This week! Books!
There are so many publishing scams out there it’s hard to keep track of them, but Anne R. Allen has a really great post on 10 new publishing scams to watch out for in 2020. Be careful out there, people!
The Authors Guild released its 2020 report on the writing and publishing landscape and… wow. There are lots of different things you could take away from it but I couldn’t shake this one: more people are writing and fewer people are reading.
The Atlantic has been on a fan fiction kick lately. Not writing it (though I would love to see that), but rather with two deep dives on fan fiction. For instance, did you know that there was erotic 18th century fan fiction based on, uh, Gulliver’s Travels? They also took a look at deathfic, the apparently oddly satisfying fanfic where people write the deaths of their beloved characters.
Before he was a president he was a writer, and before he was a writer he was a reader. I found this look at Barack Obama’s early adult reading life really fascinating, and it includes details I didn’t realize about his first memoir, Dreams from My Father, including that he had to return the advance on his first book deal because he couldn’t get around to finishing it.
In industry news, Penguin Random House (I’m still not used to that name) announced that they are making progress on their green initiatives and they pledged to be carbon neutral by 2030.
Do you need to have your manuscript professionally edited before querying? As agent Jessica Faust points out: it’s not required. (Here’s some advice from me on how and whether to find one).
I also loved Jessica’s advice for authors who are planning to write in multiple genres: focus on the present you.
This week in bestsellers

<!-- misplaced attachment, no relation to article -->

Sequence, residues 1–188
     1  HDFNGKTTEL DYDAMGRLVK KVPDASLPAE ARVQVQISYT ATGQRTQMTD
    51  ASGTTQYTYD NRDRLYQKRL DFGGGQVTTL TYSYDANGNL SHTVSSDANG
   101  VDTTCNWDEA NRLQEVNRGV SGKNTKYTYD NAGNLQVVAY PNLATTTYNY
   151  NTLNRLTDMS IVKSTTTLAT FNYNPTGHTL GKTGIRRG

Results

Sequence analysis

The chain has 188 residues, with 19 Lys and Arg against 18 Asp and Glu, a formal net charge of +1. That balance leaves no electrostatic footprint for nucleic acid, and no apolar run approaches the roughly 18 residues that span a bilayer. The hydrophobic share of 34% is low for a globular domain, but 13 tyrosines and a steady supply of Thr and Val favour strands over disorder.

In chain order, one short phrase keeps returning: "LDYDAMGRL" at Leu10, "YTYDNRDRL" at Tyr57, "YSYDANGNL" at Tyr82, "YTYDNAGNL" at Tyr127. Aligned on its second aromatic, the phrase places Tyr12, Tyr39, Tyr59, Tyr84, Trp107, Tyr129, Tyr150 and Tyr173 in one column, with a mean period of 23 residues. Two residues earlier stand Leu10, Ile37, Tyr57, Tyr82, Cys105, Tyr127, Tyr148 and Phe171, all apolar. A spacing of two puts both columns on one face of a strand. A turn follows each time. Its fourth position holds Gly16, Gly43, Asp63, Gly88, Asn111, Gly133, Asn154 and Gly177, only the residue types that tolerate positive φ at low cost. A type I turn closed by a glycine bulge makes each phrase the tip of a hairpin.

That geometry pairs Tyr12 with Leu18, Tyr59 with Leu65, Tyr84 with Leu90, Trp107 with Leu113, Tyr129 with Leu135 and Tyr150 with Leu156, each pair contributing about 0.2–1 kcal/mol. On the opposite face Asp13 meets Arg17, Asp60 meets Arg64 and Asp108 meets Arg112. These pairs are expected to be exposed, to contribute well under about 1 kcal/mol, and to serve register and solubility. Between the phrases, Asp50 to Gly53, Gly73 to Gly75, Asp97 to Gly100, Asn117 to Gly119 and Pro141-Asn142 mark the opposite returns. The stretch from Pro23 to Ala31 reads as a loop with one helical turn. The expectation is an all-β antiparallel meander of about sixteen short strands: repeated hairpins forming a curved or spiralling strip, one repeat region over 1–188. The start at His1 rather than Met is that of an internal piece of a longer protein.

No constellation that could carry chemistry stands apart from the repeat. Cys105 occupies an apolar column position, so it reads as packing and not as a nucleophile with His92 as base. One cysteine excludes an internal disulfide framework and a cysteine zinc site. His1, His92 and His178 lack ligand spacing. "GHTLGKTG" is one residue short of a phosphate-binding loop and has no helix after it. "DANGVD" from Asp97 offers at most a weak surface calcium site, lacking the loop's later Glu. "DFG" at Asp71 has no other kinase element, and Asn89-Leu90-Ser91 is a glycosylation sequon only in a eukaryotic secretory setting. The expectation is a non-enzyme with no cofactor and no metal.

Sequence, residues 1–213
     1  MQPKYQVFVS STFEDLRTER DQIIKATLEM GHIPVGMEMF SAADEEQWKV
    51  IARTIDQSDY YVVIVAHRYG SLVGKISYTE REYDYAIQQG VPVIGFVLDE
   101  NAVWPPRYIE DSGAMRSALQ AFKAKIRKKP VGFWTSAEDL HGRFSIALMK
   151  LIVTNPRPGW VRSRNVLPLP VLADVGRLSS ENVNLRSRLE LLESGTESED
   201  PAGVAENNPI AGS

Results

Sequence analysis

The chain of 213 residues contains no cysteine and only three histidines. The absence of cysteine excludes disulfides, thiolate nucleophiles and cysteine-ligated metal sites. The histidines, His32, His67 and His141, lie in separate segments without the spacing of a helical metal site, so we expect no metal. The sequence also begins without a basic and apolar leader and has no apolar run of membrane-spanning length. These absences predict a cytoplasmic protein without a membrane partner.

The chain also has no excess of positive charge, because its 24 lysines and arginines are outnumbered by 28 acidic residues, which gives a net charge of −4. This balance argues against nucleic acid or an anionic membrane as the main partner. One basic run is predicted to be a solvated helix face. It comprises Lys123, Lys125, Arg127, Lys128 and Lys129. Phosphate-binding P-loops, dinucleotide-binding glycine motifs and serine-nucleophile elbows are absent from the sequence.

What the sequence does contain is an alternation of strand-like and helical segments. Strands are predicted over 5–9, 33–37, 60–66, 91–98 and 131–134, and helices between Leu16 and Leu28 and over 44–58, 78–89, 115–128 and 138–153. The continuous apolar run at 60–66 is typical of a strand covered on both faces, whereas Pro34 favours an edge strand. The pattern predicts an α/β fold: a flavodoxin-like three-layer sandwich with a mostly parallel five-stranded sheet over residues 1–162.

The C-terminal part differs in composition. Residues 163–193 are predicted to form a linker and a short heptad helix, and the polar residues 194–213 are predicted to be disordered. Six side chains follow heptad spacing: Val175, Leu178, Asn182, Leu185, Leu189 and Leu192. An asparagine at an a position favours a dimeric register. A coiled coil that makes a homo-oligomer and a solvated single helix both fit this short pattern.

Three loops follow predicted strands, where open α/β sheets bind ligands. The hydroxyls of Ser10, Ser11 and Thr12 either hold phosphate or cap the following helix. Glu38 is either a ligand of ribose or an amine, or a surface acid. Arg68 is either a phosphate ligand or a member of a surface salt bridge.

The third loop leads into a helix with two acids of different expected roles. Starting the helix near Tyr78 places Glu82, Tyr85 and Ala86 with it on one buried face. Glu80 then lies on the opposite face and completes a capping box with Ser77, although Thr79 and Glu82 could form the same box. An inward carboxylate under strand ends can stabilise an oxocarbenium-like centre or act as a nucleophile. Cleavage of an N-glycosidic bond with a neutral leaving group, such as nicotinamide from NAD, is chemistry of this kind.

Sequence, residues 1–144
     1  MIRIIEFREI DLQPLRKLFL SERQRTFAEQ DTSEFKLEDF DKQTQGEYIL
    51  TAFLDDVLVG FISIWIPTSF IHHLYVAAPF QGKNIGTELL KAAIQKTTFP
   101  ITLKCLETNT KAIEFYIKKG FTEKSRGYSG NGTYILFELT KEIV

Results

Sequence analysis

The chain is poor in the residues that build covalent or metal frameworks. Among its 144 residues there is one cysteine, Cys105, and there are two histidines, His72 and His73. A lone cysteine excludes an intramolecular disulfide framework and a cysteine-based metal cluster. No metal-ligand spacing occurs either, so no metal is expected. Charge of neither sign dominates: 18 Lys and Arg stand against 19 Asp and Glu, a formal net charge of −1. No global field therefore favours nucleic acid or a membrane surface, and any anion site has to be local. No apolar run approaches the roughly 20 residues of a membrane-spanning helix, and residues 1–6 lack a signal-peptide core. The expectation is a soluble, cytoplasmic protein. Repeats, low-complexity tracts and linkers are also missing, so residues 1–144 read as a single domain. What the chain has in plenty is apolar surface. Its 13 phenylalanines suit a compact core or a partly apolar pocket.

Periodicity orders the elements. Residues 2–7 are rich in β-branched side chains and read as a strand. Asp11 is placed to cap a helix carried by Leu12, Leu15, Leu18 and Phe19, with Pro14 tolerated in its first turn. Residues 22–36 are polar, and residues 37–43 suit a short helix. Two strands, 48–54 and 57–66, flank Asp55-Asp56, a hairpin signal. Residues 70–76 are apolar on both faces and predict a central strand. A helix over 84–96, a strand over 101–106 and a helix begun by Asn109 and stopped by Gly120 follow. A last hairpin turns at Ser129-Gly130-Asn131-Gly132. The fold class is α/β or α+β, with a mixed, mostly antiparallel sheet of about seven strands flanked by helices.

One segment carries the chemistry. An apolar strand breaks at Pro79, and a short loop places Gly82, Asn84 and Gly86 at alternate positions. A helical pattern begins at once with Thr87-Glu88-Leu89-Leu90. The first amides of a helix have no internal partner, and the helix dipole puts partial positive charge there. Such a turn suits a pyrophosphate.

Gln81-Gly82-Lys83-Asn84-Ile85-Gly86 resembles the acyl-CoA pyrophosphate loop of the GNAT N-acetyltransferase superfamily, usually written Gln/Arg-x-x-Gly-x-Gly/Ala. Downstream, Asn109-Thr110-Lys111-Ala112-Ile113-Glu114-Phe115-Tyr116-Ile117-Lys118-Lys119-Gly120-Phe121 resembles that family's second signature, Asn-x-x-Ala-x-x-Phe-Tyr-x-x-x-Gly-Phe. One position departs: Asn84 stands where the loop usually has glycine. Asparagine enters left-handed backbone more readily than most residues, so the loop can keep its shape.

Here are the top five NY Times bestsellers in a few key categories. (All links are affiliate links):
Adult print and e-book fiction:
- American Dirt by Jeanine Cummins
- Where the Crawdads Sing by Delia Owens
- Golden in Death by J.D. Robb
- Little Fires Everywhere by Celeste Ng
- The Silent Patient by Alex Michaelides
Adult print and e-book nonfiction:
- Open Book by Jessica Simpson with Kevin Carr O’Leary
- A Very Stable Genius by Philip Rucker and Carol Leonnig
- Profiles in Corruption by Peter Schweizer
- Educated by Tara Westover
- On Tyranny by Timothy Snyder
Young adult hardcover:
- One of Us is Next by Karen M. McManus
- A Good Girl’s Guide to Murder by Holly Jackson
- Children of Virtue and Vengeance by Tomi Adeyemi
- The Hate U Give by Angie Thomas
- One of Us is Lying by Karen M. McManus
Middle grade hardcover:
- Legacy and the Queen by Annie Matthew. Created by Kobe Bryant
- Epoca: The Tree of Ecrof by Ivy Claire. Created by Kobe Bryant
- The Wizenard: Training Camp by Wesley King. Created by Kobe Bryant
- Little Legends: Exceptional Men in Black History by Vashti Harrison with Kwesi Johnson
- Diary of an Awesome Friendly Kid by Jeff Kinney
This week on the blog
Don’t forget that you can nominate your first page and query for a free critique on the blog:
In case you missed them, here are this week’s posts:
- One of the fastest paths to rejection: implying you don’t read much
- Clear out the clutter around your verbs
- Sharpen your characters’ choices in a query (query critique)
Comment! of! the! week! goes to Jon, who chimed in on this week’s query critique. Good copyeditors never fail to blow my mind.
FYI to all:
A citizen of Atlantis is an “Atlantean”, not “Atlantian”.
And finally, if you have ever worked in an office, particularly in the tech world, you probably found yourself using seriously strange words or normal words in seriously strange ways. I loved this article by Molly Young about corporate speak, or, as she calls it, garbage language.
Have a great weekend!
Need help with your book? I’m available for manuscript edits, query critiques, and coaching!